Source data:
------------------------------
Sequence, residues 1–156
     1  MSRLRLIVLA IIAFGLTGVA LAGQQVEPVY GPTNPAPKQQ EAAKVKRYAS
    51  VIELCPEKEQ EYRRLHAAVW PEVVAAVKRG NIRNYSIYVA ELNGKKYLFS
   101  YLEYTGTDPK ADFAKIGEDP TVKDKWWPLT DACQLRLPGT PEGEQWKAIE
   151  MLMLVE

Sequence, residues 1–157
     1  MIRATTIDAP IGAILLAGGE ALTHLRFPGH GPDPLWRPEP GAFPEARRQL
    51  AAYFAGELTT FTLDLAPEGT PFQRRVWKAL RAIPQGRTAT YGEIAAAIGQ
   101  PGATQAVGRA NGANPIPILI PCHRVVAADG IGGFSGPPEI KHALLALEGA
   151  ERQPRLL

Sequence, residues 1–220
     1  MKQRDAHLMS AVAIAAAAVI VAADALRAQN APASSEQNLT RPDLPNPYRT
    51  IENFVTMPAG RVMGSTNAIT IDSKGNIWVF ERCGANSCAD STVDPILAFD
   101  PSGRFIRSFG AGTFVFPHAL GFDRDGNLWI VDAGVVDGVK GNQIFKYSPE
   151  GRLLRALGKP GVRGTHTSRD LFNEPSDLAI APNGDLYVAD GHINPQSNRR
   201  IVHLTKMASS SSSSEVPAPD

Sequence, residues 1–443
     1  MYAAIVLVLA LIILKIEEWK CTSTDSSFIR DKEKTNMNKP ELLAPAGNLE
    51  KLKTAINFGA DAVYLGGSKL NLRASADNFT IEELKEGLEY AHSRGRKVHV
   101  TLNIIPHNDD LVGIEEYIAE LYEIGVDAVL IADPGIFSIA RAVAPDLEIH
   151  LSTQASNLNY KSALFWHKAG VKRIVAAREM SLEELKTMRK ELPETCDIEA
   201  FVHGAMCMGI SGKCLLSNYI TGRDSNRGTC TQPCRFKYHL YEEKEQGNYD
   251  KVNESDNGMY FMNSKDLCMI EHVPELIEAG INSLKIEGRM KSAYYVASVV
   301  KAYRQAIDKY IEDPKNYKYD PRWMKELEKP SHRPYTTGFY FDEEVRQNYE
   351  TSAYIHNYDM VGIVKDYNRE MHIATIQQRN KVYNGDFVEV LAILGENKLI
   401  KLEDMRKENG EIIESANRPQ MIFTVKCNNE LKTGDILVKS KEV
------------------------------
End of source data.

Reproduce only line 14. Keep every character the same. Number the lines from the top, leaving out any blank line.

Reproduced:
   101  PSGRFIRSFG AGTFVFPHAL GFDRDGNLWI VDAGVVDGVK GNQIFKYSPE